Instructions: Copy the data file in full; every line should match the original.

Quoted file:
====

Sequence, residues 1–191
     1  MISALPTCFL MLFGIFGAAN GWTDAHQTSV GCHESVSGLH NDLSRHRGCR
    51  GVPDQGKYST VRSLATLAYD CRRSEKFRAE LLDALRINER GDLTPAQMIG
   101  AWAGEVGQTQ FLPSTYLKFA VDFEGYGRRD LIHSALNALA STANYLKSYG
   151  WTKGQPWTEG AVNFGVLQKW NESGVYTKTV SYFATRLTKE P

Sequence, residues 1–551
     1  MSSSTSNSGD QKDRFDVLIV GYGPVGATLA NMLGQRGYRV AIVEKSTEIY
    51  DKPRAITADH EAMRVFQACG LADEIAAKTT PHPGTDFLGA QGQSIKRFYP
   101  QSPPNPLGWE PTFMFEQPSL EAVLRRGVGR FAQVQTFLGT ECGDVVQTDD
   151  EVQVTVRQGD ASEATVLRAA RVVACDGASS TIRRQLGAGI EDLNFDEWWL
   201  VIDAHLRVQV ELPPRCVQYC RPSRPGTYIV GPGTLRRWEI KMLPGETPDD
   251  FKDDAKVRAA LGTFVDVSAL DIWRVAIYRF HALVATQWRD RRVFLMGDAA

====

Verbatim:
Sequence, residues 1–191
     1  MISALPTCFL MLFGIFGAAN GWTDAHQTSV GCHESVSGLH NDLSRHRGCR
    51  GVPDQGKYST VRSLATLAYD CRRSEKFRAE LLDALRINER GDLTPAQMIG
   101  AWAGEVGQTQ FLPSTYLKFA VDFEGYGRRD LIHSALNALA STANYLKSYG
   151  WTKGQPWTEG AVNFGVLQKW NESGVYTKTV SYFATRLTKE P

Sequence, residues 1–551
     1  MSSSTSNSGD QKDRFDVLIV GYGPVGATLA NMLGQRGYRV AIVEKSTEIY
    51  DKPRAITADH EAMRVFQACG LADEIAAKTT PHPGTDFLGA QGQSIKRFYP
   101  QSPPNPLGWE PTFMFEQPSL EAVLRRGVGR FAQVQTFLGT ECGDVVQTDD
   151  EVQVTVRQGD ASEATVLRAA RVVACDGASS TIRRQLGAGI EDLNFDEWWL
   201  VIDAHLRVQV ELPPRCVQYC RPSRPGTYIV GPGTLRRWEI KMLPGETPDD
   251  FKDDAKVRAA LGTFVDVSAL DIWRVAIYRF HALVATQWRD RRVFLMGDAA